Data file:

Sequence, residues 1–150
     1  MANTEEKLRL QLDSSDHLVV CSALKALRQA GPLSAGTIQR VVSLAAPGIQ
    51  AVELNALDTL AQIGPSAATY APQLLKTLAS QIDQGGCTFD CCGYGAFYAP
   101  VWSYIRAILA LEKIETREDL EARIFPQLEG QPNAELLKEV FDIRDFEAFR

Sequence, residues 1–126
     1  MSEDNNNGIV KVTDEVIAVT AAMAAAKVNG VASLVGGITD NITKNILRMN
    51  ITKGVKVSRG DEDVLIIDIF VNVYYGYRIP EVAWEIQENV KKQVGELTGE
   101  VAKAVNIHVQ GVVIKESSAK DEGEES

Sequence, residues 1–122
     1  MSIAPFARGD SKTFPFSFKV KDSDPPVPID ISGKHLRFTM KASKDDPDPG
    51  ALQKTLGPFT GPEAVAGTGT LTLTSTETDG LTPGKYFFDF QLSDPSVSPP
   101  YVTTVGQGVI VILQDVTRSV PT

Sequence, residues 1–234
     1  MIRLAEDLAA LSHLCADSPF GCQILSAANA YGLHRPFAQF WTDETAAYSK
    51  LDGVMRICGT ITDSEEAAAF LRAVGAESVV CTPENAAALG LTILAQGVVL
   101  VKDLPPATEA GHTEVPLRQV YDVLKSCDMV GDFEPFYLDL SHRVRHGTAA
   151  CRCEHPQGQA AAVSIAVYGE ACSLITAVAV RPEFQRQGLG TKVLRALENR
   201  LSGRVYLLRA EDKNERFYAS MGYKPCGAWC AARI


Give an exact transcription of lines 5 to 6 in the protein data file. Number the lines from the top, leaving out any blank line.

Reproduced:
Sequence, residues 1–126
     1  MSEDNNNGIV KVTDEVIAVT AAMAAAKVNG VASLVGGITD NITKNILRMN